According to one of the regulations, there is an immediate cessation of obligations (agreements) already in force regarding the use and property rights of juridical and physical individuals [in other words, actual people and also companies posing as people] who were registered [earlier] under Ukrainian law, and who were carrying out activities connected with the use of water objects, or with the realization or transportation and distribution of drinking water, or who also provided services in providing or draining water. These said objects are now turned over to the Governmental Unitary Enterprise [(Государственное унитарное предприятие – ГУП), which is pronounced “Goop” in Russian] called “Water of the Donbass”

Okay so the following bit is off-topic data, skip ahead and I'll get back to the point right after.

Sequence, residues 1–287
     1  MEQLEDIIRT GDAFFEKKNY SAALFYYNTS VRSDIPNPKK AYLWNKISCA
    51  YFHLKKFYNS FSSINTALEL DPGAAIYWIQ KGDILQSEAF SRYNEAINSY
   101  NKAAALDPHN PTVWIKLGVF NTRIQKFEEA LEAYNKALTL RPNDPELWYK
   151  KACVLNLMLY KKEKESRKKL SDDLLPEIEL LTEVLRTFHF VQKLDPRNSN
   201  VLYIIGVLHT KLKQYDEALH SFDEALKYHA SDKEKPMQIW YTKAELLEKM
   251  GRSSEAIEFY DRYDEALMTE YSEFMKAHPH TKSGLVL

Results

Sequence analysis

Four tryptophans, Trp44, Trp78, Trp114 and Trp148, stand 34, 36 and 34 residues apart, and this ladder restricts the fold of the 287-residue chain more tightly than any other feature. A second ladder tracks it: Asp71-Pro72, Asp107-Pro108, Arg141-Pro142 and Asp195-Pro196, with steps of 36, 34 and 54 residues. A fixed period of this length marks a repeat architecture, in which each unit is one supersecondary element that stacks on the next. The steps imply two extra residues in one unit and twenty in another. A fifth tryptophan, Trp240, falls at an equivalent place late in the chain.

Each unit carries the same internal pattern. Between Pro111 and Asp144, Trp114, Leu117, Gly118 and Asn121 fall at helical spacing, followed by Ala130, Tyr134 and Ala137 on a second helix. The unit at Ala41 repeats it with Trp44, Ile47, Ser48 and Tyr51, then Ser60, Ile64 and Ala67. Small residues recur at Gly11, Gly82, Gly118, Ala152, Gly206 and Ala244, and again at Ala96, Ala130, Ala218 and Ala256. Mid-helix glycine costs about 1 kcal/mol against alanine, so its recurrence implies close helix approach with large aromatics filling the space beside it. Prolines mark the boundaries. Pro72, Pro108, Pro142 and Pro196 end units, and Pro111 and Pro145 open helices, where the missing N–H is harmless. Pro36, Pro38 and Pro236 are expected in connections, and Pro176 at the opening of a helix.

This Goop will now start to provide water to the citizenry, at the charge of a tariff (tax). The nice thing, though, is that no compensation will be offered to the former owners – haha! [Don’t feel sorry for them, they were probably just greedy Ukrainian or Russian oligarchs.]

Similar regulations will affect the producers of electricity and heat; and also transportation of such; all of which groped their ways into private hands according to Ukrainian law. [yalensis: Reminder that Ukraine for 30 years, and especially after Maidan, was a model of sorts for “Chicago Economists” and rampant privatization of everything that wasn’t nailed down. It was a globalist boondoggle, in other words.]

Moving on to the railroad: That will be nationalized as well, and anybody who previously had any rights under Ukrainian law, is now s*it out of luck.